Woman in Gold, with Helen Mirren, Ryan Reynolds, Katie Holmes, Tatiana Maslany & Max Irons. Though I was prepared for a boring but important film this effort managed to convey excitement, combining the past & present. Highlighting art originally stolen from Jewish families in Europe by the Nazis & their reluctance to return the treasures to their rightful owners.
Mirren shines intensely as a descendent of one of old Europe’s Jewish families, campaigning to have a beautiful work of art along with a few others returned to her, it’s rightful owner. I believed her character & not once did I remember that she is British. Her humanity was apparent & the tendency to portray these people as super-human was avoided.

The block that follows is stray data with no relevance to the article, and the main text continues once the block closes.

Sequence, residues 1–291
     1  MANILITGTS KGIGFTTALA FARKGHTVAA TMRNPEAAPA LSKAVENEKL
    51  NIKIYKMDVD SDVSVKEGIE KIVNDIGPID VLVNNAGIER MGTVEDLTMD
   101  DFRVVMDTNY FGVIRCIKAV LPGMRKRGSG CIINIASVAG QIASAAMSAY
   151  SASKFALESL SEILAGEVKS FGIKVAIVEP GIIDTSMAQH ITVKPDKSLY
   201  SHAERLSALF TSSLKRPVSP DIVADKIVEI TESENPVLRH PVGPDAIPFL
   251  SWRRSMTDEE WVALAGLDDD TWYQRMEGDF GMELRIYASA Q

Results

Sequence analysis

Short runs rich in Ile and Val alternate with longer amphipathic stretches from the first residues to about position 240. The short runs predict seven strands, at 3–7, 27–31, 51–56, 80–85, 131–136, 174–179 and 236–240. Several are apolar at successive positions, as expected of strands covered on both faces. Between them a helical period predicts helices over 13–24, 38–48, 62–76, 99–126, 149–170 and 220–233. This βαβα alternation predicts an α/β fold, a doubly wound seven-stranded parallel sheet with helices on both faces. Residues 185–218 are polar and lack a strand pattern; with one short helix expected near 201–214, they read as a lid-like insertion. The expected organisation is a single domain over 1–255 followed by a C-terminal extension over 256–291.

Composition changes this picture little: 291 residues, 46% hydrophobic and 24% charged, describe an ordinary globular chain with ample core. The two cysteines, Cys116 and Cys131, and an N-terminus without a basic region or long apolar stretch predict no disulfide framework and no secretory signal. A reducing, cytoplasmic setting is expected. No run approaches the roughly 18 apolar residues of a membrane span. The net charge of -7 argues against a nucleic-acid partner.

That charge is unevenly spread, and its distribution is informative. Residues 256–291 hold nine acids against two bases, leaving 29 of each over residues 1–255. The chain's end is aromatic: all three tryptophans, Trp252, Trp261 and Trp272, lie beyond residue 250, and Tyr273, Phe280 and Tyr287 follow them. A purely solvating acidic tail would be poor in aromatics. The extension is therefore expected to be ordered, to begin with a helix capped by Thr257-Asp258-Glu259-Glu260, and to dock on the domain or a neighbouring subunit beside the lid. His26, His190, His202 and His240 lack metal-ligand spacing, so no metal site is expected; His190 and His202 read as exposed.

The film was a globe-trotting wonder, with a more than adequate performance by Reynolds as a family friend assisting her in the endeavor, from Los Angeles to Vienna. Reynolds’ Clark Kent character, a young lawyer conflicted with the monetary value of the art & the reality of ownership; was well done. A good actor.
I do recommend the film. It’s toggling back & forth from Nazi Austria to the present, exaggerating a simple flight from danger & the terror of a segment of a population targeted & reviled by its neighbors & friends, is admirable as a plot device.